The Gist: The Sandcastle Files

The Irish police are opening files on innocent people and their kids, unrelated to any crime, without a legal basis. This is the Gist.

The Gist: The Sandcastle Files

This week, I was on RTÉ's Morning Ireland, beaming in from the end of my couch through my outsized Elvis microphone.

I was willing to approximate expertise at 7.20am in order to explain why the Gardaí have no legal basis for opening files on people unconnected with any crime, and keeping family photos of their children playing on the beach. (For some, cornflakes. For me, this.)

If you are like me, you will have not previously been aware that the Irish police considered it part of their job to build "reference and intelligence" files made up of personal details and copies of 100% non-suspicious and everyday family photos of kids on beaches building sandcastles, or at ballet recitals.

But, earlier this week, RTÉ broke the story that was exactly what had been happening for years. An algorithm in the US had sent these pictures to the Irish police, to check if they were images of child sex abuse, having intercepted them from messages sent through big tech platforms like gmail and Facebook.

About 400-500 people a year were checked in this manner and the Gardaí confirmed their images were completely innocent- what's known in the business as a False Positive.

All of which is fine. What was problematic (and unlawful) was what the Irish police did with those images then. They don't just bin them. They carefully open a file on the people who sent and received them, and keep the copies of the children doing their everyday tree-climbing or paddling etc.

Asked to explain this Extreme Scrapbooking, the police themselves couldn’t cite any applicable legal basis.

Having recited a series of legal powers which applied to the investigation of crime (which these pictures were not part of), they could only say they had a ‘rationale’ for keeping these permanent files.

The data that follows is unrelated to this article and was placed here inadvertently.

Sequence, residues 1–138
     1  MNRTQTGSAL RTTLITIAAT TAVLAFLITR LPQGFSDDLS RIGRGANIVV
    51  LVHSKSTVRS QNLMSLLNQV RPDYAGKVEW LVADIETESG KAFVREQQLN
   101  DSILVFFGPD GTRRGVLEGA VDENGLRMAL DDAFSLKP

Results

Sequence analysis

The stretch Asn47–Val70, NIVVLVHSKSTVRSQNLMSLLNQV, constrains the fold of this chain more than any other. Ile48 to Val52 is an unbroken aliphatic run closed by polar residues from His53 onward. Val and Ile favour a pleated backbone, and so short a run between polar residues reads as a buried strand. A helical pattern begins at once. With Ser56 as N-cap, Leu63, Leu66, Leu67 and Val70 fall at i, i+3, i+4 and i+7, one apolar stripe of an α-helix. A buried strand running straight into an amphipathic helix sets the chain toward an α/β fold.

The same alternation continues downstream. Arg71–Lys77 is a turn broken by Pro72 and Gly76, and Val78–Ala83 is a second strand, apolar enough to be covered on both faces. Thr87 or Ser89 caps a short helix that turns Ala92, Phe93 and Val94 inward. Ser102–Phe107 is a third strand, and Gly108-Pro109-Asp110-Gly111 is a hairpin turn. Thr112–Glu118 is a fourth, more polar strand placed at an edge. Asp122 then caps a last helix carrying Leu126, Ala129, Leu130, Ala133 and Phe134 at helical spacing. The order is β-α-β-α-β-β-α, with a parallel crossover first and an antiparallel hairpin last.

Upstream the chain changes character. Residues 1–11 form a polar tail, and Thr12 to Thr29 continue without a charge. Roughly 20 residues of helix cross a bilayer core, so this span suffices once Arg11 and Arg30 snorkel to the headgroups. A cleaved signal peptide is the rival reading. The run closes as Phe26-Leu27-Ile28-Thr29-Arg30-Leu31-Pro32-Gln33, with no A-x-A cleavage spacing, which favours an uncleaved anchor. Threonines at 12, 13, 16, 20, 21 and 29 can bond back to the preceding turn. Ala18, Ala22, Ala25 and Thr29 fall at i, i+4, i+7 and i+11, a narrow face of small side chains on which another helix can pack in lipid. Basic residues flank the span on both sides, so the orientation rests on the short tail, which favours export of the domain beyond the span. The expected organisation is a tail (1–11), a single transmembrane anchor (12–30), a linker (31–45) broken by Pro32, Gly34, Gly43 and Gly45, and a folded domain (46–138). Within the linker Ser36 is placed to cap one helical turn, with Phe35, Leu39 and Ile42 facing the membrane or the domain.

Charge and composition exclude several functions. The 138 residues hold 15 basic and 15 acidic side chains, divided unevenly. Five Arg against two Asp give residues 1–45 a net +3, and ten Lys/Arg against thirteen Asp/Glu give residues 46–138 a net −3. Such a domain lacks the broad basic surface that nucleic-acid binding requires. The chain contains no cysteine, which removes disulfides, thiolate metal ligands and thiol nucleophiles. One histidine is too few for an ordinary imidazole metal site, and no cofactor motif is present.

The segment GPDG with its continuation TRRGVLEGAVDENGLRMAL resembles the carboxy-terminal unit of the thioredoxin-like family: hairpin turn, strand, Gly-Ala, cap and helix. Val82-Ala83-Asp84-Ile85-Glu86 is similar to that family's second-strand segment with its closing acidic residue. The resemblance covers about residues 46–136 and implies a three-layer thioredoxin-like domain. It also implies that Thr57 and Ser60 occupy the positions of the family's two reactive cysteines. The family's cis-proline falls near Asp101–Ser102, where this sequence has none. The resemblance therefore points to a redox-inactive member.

In cases where no criminal offences identified following a review of material referred to An Garda Síochana for investigation, no crime incident records are created. This means that there is no impact on any person referenced in the data- and no references to them as suspects or victims.  However, there is a rationale for the continued segregated retention of the original referral data, including:  * quality assurance and accountability for the actions taken and decisions made in respect of the referral; * Reference and intelligence material in respect of future investigations in the event that additional information concerning the data subjects (potential witnesses, suspects and victims) included in the referral; and, * Compliance with the provisions of other legislation to which An Garda Síochána is subject, including but not limited to the provisions of the National Archives Act 1986.  Section 71(5) of the Data Protection Act 2018, provides for further processing of data, received for law enforcement purposes, for a separate law enforcement purpose by the receiving controller or a separate data controller provided that data controller is a competent, authority for law enforcement, and the processing is necessary and proportionate for the purpose of the further processing

The Garda statement suggests they might have three uses for keeping a file of the these snapshots of ordinary life- building sandcastles on the beach, and so on.

They also mention Section 71(5) of the Data Protection Act. We’ll get to just how misconceived that is in a moment.

Firstly, we have the suggestion that our police force are holding these holiday pics, forever, for “quality assurance and accountability…of investigating members”.

I’m afraid that is a question of internal management and discipline. Checking police work ought to happen before the investigation ends. If An Garda Síochána aren't confident in their process to decide between child sex abuse imagery and holiday snaps, they have a more serious operational problem than just data protection on their hands.